Isles woman in locked-down Italy says Covid-19 must be taken ‘extremely seriously’

A Shetlander living and working in quarantined Italy has shared her thoughts on the situation.

Osla Fraser, who lives in the Umbria region of the country, posted to Facebook after the number of confirmed coronavirus cases in the isles reached double digits (11) on Friday.

The lecturer in translation studies, who is currently working from home, saw events were being cancelled here but feared “the authorities are still very much trying to play down the scale and gravity of the problem”.

“I’m writing this to see if I can be of any help getting the message across to the general public and\or those with decision making power in Shetland, or indeed further afield, about just how important it is for everyone to take COVID-19 extremely seriously.”

The post is an edited version of an email she sent to NHS Shetland last week. It has been shared hundreds of times by isles folk. Comments beneath the post from concerned Shetlanders were full of praise for the letter.

She has also contacted isles MSP Beatrice Wishart and MP Alistair Carmichael who had been “prompt and receptive” in taking on board the message, but said she strongly feels much more must be done.

In the post, the translator described the “dramatic” situation in Italy and its current lockdown, which depended “entirely, on the co-operation, involvement and sense of personal responsibility of every single member of society”, on folk keeping up to date with the “current best information”, but that “a great and weighty responsibility also lies with health authorities, local and national politicians, the media and any other body that can be involved in influencing people’s perception of the situation and their consequent behaviour”.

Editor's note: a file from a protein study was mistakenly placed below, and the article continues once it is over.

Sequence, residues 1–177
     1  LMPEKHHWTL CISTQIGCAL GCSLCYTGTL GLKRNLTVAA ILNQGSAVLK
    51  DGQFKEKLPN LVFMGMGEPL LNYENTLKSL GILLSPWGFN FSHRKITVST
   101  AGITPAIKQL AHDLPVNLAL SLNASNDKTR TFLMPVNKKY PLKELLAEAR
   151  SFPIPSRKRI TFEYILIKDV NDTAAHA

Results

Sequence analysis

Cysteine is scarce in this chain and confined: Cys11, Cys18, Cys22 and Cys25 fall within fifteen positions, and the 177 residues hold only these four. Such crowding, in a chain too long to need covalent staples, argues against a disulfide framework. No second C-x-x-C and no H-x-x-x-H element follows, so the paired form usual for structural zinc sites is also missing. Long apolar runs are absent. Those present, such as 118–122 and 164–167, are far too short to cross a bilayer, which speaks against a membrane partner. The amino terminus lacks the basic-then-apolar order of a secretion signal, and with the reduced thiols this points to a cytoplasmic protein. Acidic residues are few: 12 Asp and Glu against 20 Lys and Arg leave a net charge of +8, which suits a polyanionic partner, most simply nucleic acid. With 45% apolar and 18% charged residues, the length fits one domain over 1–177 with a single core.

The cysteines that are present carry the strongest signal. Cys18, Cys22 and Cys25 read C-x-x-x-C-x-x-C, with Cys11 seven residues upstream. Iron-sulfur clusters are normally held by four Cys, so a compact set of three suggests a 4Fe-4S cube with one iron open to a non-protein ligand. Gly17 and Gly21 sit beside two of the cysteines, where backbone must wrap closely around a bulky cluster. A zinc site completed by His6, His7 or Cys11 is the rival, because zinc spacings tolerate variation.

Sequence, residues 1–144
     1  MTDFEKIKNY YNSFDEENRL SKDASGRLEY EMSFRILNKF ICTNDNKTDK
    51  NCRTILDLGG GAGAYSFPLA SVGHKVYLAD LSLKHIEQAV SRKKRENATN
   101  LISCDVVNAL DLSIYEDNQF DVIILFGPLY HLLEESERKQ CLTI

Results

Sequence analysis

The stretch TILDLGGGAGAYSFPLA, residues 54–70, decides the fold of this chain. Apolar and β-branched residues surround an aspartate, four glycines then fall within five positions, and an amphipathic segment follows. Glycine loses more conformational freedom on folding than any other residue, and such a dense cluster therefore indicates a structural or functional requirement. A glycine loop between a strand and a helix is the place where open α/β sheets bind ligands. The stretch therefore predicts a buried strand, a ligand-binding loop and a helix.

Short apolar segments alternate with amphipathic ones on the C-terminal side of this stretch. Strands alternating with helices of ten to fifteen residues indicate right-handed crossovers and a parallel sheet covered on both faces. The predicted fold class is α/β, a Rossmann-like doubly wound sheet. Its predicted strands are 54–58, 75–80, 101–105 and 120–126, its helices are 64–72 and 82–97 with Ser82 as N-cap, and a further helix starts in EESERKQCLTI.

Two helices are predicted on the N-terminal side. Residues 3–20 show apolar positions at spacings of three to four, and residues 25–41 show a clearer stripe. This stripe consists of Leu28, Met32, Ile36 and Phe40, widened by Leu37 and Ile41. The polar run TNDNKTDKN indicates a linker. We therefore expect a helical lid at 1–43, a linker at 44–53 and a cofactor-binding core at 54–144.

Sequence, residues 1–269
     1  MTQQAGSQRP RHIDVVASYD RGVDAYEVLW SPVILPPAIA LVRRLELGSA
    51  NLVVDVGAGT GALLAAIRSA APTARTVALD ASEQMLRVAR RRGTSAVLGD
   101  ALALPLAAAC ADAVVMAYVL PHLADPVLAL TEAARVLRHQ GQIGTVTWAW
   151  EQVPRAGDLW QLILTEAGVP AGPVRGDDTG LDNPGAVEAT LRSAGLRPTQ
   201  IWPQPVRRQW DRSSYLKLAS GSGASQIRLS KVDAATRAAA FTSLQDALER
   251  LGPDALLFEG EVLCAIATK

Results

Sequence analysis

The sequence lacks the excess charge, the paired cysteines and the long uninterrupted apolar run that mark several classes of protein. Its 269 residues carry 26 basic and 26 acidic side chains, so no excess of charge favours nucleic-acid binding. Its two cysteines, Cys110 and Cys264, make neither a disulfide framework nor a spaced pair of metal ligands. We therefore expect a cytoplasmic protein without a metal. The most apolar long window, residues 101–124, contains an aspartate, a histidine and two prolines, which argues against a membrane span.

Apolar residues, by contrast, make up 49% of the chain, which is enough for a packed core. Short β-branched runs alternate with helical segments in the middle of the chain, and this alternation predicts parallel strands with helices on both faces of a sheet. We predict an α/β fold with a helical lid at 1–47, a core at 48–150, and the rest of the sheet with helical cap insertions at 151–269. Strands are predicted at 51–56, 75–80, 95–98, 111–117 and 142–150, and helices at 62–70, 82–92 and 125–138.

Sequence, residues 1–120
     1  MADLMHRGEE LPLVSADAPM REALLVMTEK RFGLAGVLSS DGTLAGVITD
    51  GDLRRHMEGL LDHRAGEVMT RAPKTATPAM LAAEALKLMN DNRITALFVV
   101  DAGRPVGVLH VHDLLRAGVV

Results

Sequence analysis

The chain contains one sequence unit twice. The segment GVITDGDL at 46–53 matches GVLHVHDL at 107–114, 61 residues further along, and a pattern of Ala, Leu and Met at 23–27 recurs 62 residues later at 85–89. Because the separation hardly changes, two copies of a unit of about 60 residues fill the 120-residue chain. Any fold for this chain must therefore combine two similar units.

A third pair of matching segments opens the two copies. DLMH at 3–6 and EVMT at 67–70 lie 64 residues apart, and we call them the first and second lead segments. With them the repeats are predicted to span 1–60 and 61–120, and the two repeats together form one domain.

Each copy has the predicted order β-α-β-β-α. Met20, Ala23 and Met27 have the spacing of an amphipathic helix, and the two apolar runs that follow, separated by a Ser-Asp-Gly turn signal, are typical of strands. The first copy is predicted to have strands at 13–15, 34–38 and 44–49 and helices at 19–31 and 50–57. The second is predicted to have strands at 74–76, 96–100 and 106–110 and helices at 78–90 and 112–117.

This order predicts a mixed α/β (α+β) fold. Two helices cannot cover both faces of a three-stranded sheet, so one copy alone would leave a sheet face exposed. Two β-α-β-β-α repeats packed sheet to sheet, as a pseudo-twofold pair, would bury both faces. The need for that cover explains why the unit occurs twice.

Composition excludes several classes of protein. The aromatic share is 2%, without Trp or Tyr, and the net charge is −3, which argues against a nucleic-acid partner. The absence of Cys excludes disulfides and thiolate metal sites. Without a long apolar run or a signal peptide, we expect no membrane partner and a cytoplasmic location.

Three weeks ago, she said that the current situation had seemed far away from daily life, adding that now she was “one of the extremely lucky ones”.

“Nonetheless, there are still people, here too, who would put the economic impact before the impact on health, despite being in possession of full knowledge of what is happening. As the death toll rises though and the news of how hospitals are struggling to cope spreads, these voices of descent have fallen silent.”

Going on to talk about the situation in the isles, she said: “Given that there are now 11 confirmed cases in Shetland and as I understand it, the Health Board locally as well as the NHS nationally are still giving advice to self isolate only when symptoms begin to manifest. I would like to highlight that this is in direct and complete conflict with the advice here, and the policy that China was forced to adopt. COVID-19 is incredibly contagious and many of the people who have been infected, have been infected by people precisely because the carriers were still unaware that they had contracted the virus. A serious outbreak in a remote community such as Shetland will, categorically, be disastrous.”

She said she was “horrified” to learn from the radio that “testing and tracing in the community are to be stopped and that people are not being advised of the danger of spreading the virus whilst they may be without symptoms”.